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ColorectAlert Appears More Specific than FOBT Screening

ColorectAlert Appears More Specific than FOBT Screening

SAN DIEGO—A new type of colorectal cancer screening test appears to be as sensitive as fecal occult blood testing (FOBT) with higher specificity, according to a Canadian study. Norman E. Marcon, MD, of the Centre for Therapeutic Endoscopy and Endoscopic Oncology, Toronto, reported results of a study comparing the new test, ColorectAlert, with FOBT at an American Gastroenterological Association research forum held during the Digestive Disease Week conference.

ColorectAlert determines the presence of GAG, a carbohydrate moiety that has been associated with adenocarcinomas, in rectal mucus samples. “ColorectAlert makes use of a novel color measurement to quantitate the amount of GAG present in a rectal mucous sample,” he said.

The mucus samples were obtained during a digital rectal exam prior to the colonoscopy and smeared onto Colo-rectAlert membranes, which were sent to the lab for testing. The results were determined by treating the mucus samples with galactose oxidase and then staining with Schiff’s reagent. The results were quantitated by determining the color of the developed sample, using a hand-held spectrophotometer.

The samples were then treated with periodate to oxidize all the carbohydrate residues and stained again with Schiff’s reagent before being tested again for color. Test results were considered positive if the measured color was greater than 370 and negative if less than 350. Samples with a value between the two numbers after a periodate treatment of less than 350 were also considered positive.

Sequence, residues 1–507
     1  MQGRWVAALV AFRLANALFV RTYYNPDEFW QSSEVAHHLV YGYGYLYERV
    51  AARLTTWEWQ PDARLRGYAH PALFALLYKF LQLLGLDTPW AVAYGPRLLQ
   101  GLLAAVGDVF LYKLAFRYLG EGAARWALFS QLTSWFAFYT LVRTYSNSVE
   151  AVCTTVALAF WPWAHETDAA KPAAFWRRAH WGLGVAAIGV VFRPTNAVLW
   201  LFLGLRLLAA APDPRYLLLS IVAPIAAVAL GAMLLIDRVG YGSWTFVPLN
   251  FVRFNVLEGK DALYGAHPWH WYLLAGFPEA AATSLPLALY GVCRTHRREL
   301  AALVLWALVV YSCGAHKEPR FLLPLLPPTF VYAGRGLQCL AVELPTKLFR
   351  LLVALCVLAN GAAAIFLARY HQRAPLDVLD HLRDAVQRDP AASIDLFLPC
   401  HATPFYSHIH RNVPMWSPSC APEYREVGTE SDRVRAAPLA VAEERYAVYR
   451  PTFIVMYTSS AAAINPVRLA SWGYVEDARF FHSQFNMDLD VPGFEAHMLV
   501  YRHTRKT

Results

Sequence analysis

Researchers also obtained stool samples from three consecutive bowel movements for fecal occult blood testing.

“We compared ColorectAlert results with FOBT in 601 patients scheduled for a colonoscopy and who had provided informed consent,” Dr. Marcon said. “But the testing was done without the knowledge of the colonoscopy results.”

Based on the colonoscopy, 40% of the participants had a normal bowel, 20% had benign bowel disease, 34% had polyps, and 4% had cancer. Both FOBT and ColorectAlert detected 81.3% of the cancers, but the odds ratio associated with a positive ColorectAlert test was 13.1, compared with 5.6 for FOBT.

“FOBT and ColorectAlert were equally sensitive for cancer detection,” Dr. Marcon said, “but ColorectAlert was significantly more specific than FOBT in this particular study population (75% vs 57%). Most lesions we saw were clustered in the rectum and sigmoid.”

The researchers still have some questions that need answering, Dr. Marcon noted. “How does bowel preparation for colonoscopy affect ColorectAlert results?” he asked. “Are the tests consistent over time? Do ColorectAlert values change in response to therapy? And how does the test perform in a low-risk population?” But, he said, “apparently the higher specificity of ColorectAlert may make it more cost-effective than FOBT because fewer colonoscopies would be necessary.”

 
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